August 9, 2016 |
Replacing Andre Watts in a high-profile engagement has long given young pianists a career boost. Watts' Aug. 17 cancellation with the Philadelphia Orchestra at the Saratoga (N.Y.) Performing Arts Center, however, comes with extra gravity: The long-admired 70-year-old pianist has prostate cancer. "It's Andre's wish that we be straight about that," said his manager Linda Marder, whose talent roster at CM Artists includes numerous pianists who are guests of the Philadelphia Orchestra. "Men of a certain age have this problem.
November 16, 2014 |
The fashion world has long popularized clothes that appear to be turned inside out. Why shouldn't the Philadelphia Orchestra do its own version of that every so often? How could that work? Dvorák's Symphony No. 8 was so significantly reimagined by guest conductor Jakub Hruša that you'd think the prevailing, mellifluous tradition of Wolfgang Sawallisch never existed. The music was a rougher ride but full of incident. Orchestral sonorities that are normally string-dominated shared the sound picture more equally with brass and winds.
February 7, 2014 |
As Andre Watts nears his 70th birthday (a bit more than two years away), he seems at odds with what he's expected to be and what he's evolving toward as a senior artist. Watts' longtime concerto repertoire doesn't go as well as it once did. And in his recital on Tuesday presented by the Philadelphia Chamber Music Society, he played a program full of conceptual unity, though not always trusting the music to carry the day. Three Scarlatti sonatas, Mozart's Rondo in A minor , and Beethoven's Piano Sonata Op. 10 No. 3 showed composers from distinctively different worlds using the keyboard with similar register contrasts (the delineation of which is a Watts specialty)
February 5, 2013 |
Classical musicians tend to wear their mileage proudly. Conductors supposedly hit their stride at age 60, probably because they no longer care what people think of them, while pianists continue practicing their art without the pitch worries that plague senior violinists. Two opposite maturity scenarios unfolded Friday as the Philadelphia Orchestra revved up for this week's Florida tour with frequent guest conductor Rafael Frühbeck de Burgos, 79, and one of Philadelphia's proudest exports, pianist Andre Watts, 66, in a Beethoven/Hindemith program.
June 25, 2010 |
Though pianist Andre Watts is one of the most immediately identifiable figures in classical music, even his more devoted admirers could easily have failed a blindfold test at his Wednesday performance of Beethoven's Piano Concerto No. 4 at the Mann Center. Watts' consistent artistic manner in the past is a hallmark of the Van Cliburn generation, which in some quarters carried the belief that you hit a high mark with a great piece of music, then strive to maintain it in subsequent performances (rather than evolving and changing with age)
November 3, 2009 |
Europeans felt Beethoven's death meant the end of music, but the evolving piano and a new generation of virtuosos to exploit it so expanded music's horizons that some listeners wondered what Beethoven might have imagined had he had a 9-foot Bechstein at home. Those horizons lighted Sunday's Kimmel Center recital by Andre Watts, who balanced Schubert and Liszt in a thoughtful illustration of the directions music took as the futurists and the multivoiced piano rolled over earlier musical, mechanical and sonic limitations.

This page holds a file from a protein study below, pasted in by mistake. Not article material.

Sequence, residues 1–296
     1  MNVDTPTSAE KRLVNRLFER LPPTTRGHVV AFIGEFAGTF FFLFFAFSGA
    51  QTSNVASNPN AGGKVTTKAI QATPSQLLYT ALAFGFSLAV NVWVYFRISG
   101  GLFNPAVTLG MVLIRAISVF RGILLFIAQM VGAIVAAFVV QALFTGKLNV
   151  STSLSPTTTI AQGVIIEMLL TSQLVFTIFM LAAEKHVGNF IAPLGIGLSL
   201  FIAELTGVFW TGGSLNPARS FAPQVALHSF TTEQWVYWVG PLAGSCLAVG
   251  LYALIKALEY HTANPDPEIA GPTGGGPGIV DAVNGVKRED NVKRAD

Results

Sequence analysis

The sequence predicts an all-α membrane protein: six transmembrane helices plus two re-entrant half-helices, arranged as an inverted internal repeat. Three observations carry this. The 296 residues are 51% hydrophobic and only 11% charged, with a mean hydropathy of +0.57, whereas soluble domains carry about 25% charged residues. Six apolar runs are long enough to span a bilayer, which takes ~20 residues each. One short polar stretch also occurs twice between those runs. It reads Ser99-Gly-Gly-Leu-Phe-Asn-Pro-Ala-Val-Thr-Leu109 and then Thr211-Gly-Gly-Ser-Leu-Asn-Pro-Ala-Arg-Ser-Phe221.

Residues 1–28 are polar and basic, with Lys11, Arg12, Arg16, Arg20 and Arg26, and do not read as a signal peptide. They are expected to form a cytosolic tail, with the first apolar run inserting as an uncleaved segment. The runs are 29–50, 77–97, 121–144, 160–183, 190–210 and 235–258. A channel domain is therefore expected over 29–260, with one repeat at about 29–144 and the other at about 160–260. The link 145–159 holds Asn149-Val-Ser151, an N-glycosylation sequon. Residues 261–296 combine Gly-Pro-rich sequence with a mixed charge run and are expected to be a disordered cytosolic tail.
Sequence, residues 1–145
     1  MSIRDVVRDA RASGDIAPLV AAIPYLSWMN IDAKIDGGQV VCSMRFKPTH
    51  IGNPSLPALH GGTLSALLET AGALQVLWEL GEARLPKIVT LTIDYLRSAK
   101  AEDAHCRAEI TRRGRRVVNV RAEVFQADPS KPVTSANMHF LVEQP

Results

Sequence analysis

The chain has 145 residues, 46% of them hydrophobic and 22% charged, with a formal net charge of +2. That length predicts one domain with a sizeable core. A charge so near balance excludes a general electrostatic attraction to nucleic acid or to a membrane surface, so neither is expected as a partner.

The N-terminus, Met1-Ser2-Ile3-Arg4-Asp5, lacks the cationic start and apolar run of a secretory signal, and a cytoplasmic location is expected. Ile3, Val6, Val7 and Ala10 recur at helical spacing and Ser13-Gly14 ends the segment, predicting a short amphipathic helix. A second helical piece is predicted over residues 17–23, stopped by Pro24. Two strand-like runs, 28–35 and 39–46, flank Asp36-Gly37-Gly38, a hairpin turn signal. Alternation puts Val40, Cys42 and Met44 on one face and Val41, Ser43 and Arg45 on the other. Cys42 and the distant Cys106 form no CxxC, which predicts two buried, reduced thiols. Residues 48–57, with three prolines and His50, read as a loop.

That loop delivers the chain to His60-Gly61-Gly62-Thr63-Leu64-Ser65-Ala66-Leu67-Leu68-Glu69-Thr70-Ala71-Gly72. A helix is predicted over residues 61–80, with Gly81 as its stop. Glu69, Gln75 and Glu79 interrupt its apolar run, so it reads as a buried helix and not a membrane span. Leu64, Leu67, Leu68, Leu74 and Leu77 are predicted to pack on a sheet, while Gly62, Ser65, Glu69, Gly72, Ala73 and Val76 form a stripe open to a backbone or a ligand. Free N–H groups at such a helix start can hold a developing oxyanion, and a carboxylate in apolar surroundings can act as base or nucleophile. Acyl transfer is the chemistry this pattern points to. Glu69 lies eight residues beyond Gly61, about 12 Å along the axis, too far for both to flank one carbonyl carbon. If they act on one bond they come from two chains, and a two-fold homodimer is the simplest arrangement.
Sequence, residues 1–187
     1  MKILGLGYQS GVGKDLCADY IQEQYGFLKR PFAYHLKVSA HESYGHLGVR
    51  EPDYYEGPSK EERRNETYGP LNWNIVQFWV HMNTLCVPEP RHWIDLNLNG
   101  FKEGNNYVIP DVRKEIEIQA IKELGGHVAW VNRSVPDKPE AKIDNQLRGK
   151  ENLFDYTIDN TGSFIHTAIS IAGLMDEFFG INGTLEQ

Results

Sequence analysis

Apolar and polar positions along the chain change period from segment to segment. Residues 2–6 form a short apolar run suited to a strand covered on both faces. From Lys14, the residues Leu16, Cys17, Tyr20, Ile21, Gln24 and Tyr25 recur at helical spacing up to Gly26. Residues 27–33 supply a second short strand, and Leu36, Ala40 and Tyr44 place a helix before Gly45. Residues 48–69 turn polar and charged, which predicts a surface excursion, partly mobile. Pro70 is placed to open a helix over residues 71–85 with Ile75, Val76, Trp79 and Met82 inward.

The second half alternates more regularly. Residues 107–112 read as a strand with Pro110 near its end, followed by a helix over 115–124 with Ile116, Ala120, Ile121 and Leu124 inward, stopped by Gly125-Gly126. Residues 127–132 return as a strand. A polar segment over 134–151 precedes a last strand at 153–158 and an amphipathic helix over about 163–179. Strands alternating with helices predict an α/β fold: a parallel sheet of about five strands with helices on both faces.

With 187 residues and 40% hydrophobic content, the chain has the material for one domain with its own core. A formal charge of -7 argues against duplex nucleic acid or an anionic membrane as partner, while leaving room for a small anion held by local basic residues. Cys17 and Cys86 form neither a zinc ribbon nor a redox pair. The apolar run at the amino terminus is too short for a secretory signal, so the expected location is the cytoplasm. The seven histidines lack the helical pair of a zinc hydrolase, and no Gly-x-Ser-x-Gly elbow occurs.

July 23, 2007 |
You're playing Rachmaninoff's Piano Concerto No. 2 for the 1,473d time. How can you keep the music alive and fresh - with that just-composed feeling? One way, pianist Andr? Watts and the Philadelphia Orchestra showed Friday night at the Mann, is for soloist and orchestra to lose contact with each other and end up at an important arrival point at different times. It's a rare thing to hear in a big, professional orchestra, but it happens, and when it happens it's a harrowing moment.
March 5, 2005 |
Those who seek safety in their symphonic presentations could have wondered if they really do want what they want while at the Philadelphia Orchestra's Thursday concert. No doubt with the best of intentions, guest conductor Andreas Delfs presented an old-fashioned, relentlessly nice program. Comprising a Weber overture, a standard-repertoire concerto, and that well-oiled symphonic machine, Mendelssohn's Symphony No. 3 ("Scotch"), the lineup was almost exactly what Wolfgang Sawallisch, in one of his music-director exit interviews two years ago, said the orchestra didn't need in the future.
March 4, 2005 |
We enjoy celebrating homegrown artists, and a visit by pianist Andre Watts is always a treat. He'll collaborate with the Philadelphia Orchestra, led by German conductor Andreas Delfs, who debuted with the orchestra in 1998. Watts has changed his Mozart Concerto choice to No. 9, considered the first mature one of Mozart's 27 and full of sprightly solo challenges written to display the composer's keyboard gifts. Delfs will also lead the moody Overture to Weber's "Die Freischutz" and Mendelssohn's impressions of a trip north which became his Third Symphony, called the "Scottish" (2 p.m. today, 8 p.m. tomorrow and Tuesday, Verizon Hall, Kimmel Center for the Performing Arts, Broad and Spruce streets, $9-$76.
December 10, 2004 |
Years back, when Andre Watts was in a flurry of recording activity, he was asked how his interpretations changed. Being a feet-on-the-ground Philadelphian, he offered an answer that wasn't about his spiritual evolution. "I don't think I've changed at all," he said. Some artists hit the mark, are happy with it and stay there. Lately, however, Watts has had health problems and, as a new member of the Indiana University faculty, is keeping different company. That's bound to be reflected in his playing.